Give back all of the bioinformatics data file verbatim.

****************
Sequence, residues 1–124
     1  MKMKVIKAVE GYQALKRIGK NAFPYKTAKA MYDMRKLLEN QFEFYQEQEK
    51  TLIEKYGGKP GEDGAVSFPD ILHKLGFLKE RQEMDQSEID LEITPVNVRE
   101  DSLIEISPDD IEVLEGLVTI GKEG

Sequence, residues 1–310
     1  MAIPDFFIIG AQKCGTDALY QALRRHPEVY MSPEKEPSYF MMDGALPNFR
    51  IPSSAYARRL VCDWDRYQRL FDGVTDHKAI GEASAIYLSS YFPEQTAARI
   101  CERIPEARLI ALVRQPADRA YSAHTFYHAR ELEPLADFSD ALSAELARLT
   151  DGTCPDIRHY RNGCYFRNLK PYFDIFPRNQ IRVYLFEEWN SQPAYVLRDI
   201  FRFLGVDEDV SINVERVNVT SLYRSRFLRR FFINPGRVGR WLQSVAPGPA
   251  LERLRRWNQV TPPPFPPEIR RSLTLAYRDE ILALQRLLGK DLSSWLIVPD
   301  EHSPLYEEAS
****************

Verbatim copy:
Sequence, residues 1–124
     1  MKMKVIKAVE GYQALKRIGK NAFPYKTAKA MYDMRKLLEN QFEFYQEQEK
    51  TLIEKYGGKP GEDGAVSFPD ILHKLGFLKE RQEMDQSEID LEITPVNVRE
   101  DSLIEISPDD IEVLEGLVTI GKEG

Sequence, residues 1–310
     1  MAIPDFFIIG AQKCGTDALY QALRRHPEVY MSPEKEPSYF MMDGALPNFR
    51  IPSSAYARRL VCDWDRYQRL FDGVTDHKAI GEASAIYLSS YFPEQTAARI
   101  CERIPEARLI ALVRQPADRA YSAHTFYHAR ELEPLADFSD ALSAELARLT
   151  DGTCPDIRHY RNGCYFRNLK PYFDIFPRNQ IRVYLFEEWN SQPAYVLRDI
   201  FRFLGVDEDV SINVERVNVT SLYRSRFLRR FFINPGRVGR WLQSVAPGPA
   251  LERLRRWNQV TPPPFPPEIR RSLTLAYRDE ILALQRLLGK DLSSWLIVPD
   301  EHSPLYEEAS